Support for Street lighting fault repairs (MEWP) Bouygues UK Limited £30,000.00
ReSurfacing Schemes February 2017 CEMEX UK Operations Ltd £266,011.01
Analysis Software and Licence for Non-Domestic Rates Inform CPI Ltd £45,000.00
Provision of on-line lessons from a virtual school to provide teaching for young people out of school Nisai Virtual Academy Ltd. £10,000.00
ReSurfacing Schemes March 2017 – Tender2 Cemex UK Materials Ltd £78,464.20
Carr Junior School Reroof Works – Phase 2 S Voase Builders Limited £103,376.88
Community Protection APP Support, Maintenance and Licence Multiple award (2) £35,204.00
Westfield Primary School Roofing Watershed (Roofing) Ltd £14,058.00
Lift Repairs Maintenance Contract Northern Elevator Ltd £94,788.00
Support and Subscription for VMWare Phoenix Software Ltd £8,865.00
ICT NetApp Support Softcat plc £8,620.00
Google Maps API for Business Multiple award (2) £15,500.00
WYTF Outer Ring Road upgrade – Land Surveyor Services for the North York Outer Ring Road Junction Upgrade Project Valuation Office Agency – District Valuer £83,280.00
Citrix XenApp Software and Licences Insight Direct (UK) Ltd £53,975.00
Marjorie Waite Court Extra Care Extension – Designer Shuttleworth Picknett and Associates LLP £70,860.00
Contract to supply manpower + vehicle & including tools and equipment to carry out basic maintenance operations (minor civils works) 1st April 2017 – 31st July 2017 Multiple award (3) £50,000.00
Pre Purchase Agreement CYCProcurement £4,178,975.32
York City Centre Recycling Collection Service Friends of St Nicholas Fields £500,000.00
Fujitsu M10-1 Server Esteem Systems Plc £21,674.00
Point of Care Testing (POCT) Alere Limited £90,000.00
Trading Standards Interlink  City of York Council  £3,909.25
Coppergate: Bus Lane Enforcement parking services system Bramble.cc Limited £77,000.00
HGV Driver Certificate of Professional Competence Training Multiple award (2) £16,660.00

Most of the recent contract awards are dwarfed by those let in earlier years. The most valuable awards on the contracts register are:

Childcare Voucher Salary Sacrifice Scheme Fideliti Limited 01/04/2014 £2,400,000.00
Short Breaks Service For Adults with a Learning Disability Lifeways Community Care £2,001,990.34
York Central Financial and Commercial Consultancy KPMG LLP 01/07/2016 £2,000,000.00
Older People’s Community Support Service Age Uk York 20/12/2016 £1,765,000.00
Provision of Marketing, tourism and Business Development services Make it York Ltd 02/04/2015 £1,700,000.00
ENProcure Re-Allies Materials Framework – Distribution and supply of plumbing and heating materials Lot 2 PTS Plumbing Trade Supplies 01/04/2016 £1,614,282.00
Management & Maintenance of Public Toilets Healthmatic Ltd 01/05/2014 £1,600,000.00
An Advocacy Hub York Mind 14/10/2016 £1,500,000.00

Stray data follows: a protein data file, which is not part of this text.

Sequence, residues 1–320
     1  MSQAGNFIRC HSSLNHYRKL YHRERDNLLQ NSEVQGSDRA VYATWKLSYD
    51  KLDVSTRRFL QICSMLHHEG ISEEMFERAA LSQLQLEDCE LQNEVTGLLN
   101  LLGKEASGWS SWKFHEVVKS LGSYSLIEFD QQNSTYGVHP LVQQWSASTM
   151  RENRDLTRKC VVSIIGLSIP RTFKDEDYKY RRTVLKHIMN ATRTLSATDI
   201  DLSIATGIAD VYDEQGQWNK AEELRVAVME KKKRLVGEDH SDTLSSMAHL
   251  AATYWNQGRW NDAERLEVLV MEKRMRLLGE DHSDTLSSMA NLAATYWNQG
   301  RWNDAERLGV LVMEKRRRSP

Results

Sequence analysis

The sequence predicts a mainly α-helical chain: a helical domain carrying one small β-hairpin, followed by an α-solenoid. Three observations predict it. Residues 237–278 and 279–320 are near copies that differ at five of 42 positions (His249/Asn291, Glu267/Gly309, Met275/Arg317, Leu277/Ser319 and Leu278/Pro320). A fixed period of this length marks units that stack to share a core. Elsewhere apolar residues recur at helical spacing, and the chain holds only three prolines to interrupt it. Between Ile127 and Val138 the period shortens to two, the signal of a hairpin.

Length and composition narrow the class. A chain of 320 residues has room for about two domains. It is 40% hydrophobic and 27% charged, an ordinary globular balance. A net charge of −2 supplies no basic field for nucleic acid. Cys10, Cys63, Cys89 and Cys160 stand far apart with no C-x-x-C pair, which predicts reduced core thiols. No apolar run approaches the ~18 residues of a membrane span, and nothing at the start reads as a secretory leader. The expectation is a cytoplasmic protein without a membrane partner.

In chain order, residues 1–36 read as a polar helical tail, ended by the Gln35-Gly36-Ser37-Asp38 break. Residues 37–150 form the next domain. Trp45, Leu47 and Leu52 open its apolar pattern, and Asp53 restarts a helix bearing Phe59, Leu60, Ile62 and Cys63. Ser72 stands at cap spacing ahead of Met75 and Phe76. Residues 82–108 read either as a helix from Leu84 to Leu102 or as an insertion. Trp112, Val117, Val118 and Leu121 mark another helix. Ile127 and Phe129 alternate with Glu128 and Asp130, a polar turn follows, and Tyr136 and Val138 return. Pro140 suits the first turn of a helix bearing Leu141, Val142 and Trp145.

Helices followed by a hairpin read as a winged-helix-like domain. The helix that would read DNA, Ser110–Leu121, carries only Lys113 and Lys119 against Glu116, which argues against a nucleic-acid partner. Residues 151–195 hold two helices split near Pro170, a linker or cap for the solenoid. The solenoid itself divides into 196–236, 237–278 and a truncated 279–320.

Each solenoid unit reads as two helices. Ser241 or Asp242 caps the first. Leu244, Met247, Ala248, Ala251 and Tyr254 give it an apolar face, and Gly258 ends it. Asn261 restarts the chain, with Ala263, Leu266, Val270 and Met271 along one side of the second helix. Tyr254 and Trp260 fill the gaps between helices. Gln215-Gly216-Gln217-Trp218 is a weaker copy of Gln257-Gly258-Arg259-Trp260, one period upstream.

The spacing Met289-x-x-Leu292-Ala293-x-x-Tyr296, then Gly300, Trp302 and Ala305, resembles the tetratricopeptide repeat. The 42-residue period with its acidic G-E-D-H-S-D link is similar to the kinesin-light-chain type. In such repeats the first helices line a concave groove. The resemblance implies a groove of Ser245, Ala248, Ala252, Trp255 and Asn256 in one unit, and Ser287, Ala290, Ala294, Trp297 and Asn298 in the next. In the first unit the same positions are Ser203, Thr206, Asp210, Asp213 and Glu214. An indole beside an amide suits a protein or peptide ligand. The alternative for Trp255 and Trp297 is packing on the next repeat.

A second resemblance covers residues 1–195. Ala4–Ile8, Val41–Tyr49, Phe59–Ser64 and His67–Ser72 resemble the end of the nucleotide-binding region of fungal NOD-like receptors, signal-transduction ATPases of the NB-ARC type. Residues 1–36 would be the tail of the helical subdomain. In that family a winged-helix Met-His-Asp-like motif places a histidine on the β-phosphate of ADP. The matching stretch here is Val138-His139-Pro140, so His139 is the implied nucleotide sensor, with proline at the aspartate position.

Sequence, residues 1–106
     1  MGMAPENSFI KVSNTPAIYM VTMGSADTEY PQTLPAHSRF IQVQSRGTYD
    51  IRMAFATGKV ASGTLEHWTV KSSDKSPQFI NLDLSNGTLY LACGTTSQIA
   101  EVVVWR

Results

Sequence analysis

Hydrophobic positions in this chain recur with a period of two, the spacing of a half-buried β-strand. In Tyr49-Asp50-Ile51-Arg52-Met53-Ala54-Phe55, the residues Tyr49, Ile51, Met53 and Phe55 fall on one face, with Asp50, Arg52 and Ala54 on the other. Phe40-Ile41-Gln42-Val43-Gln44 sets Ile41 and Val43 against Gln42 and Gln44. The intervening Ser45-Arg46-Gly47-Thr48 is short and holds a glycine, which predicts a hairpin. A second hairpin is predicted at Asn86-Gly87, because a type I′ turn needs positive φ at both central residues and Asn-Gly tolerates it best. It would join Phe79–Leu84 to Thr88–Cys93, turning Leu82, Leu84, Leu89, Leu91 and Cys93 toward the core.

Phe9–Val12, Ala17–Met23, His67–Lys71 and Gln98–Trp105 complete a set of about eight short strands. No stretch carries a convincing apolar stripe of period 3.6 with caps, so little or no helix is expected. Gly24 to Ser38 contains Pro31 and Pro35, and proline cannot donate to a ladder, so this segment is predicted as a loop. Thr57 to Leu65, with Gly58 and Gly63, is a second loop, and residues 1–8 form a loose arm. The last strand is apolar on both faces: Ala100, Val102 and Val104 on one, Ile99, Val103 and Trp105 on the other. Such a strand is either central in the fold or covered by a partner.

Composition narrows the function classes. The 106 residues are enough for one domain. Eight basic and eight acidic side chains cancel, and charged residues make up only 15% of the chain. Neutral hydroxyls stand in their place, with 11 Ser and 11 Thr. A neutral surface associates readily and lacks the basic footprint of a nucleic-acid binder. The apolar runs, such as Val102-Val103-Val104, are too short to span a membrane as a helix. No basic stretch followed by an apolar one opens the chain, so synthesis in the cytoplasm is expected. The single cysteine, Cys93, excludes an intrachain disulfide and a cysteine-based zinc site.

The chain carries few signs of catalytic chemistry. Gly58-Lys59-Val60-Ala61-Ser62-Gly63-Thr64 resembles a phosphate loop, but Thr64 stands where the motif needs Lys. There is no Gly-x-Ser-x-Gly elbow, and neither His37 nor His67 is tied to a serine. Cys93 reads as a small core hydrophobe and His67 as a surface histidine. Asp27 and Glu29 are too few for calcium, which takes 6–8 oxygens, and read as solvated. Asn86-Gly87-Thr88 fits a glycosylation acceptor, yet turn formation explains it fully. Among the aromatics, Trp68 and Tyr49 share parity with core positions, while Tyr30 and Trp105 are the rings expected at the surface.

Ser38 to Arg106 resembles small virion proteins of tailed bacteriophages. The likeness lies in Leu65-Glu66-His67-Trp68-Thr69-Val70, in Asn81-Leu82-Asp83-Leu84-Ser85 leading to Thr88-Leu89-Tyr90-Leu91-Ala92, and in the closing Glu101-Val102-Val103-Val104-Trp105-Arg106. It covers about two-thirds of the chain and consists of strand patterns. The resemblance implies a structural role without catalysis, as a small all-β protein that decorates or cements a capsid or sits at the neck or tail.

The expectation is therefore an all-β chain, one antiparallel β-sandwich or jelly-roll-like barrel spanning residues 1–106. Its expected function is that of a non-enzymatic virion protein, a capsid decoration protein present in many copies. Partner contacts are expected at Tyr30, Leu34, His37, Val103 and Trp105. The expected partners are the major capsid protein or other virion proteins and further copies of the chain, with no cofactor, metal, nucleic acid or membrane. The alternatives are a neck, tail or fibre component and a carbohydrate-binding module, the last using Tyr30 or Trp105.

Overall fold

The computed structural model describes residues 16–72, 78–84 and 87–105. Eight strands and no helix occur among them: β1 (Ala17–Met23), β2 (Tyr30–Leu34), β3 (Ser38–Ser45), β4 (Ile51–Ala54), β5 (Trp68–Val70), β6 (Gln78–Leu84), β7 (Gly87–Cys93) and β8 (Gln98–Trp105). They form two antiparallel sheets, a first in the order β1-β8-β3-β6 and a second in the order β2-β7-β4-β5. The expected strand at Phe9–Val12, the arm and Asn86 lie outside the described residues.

Building Services Subcontractors – Package 1 Multiple award (5) 01/11/2016 £1,400,000.00
Provision of Local Registered Bus Services Yorkshire Coastliner Ltd 06/01/2013 £1,400,000.00

The Contracts register (most Councils) can be viewed by clicking here

 

York Council tries to clear up £6 million contract confusion

We reported in February that the York Council had let social care contracts worth over £1.3 million pa. We questioned then whether the contracts had been properly advertised, whether they represented value for money and how their success would be monitored.

In a Freedom of Information response, the Council has sought to justify its actions

The number of tenders – advertised through Yortender & OJEU – received for each contract was low.

The details are:

  1. Supported Lodgings – 1 tender. Awarded to Safe and Sound Homes (SASH).
  2. Family Support – 4 tenders. Awarded to The Cyrenians (Community Links) This contract is worth £480,000 over 3 years
  3. Older People and People with Physical Disabilities – 3 tenders. Awarded to Yorkshire Housing Ltd.

In total the tenders are worth £6.6 million over a period of 5 years.

The Council has declined to indicate the value of the individual tenders it received.

All contracts were awarded on 15th September 2016 according to the contracts register. However, the decisions were only published in February 2017 (after the contracts had started). The Council itself says that the contracts were awarded, under delegated authority, by Council officials. The was no member involvement after the Executive meeting on 28th April 2016. The Council claims the awards were decided on the following dates

a) 28th Aug 2016

b) 6th January 2017

c) 15th September 2016

It declines to say why the decisions were not recorded in the decisions register until as long as 4 months later.

It has also declined to make available the minutes of any bodies which considered the contracts nor will it say to which publicly accountable body the outputs against target will be reported.

The required outcomes, for two of the contracts, are expressed only in very general terms. They are more specific for the family support contract (see below)

Contrary to the impression given at the Council’s Executive meeting, the potential service providers were apparently not required to provide their “vision” for the service and its customers.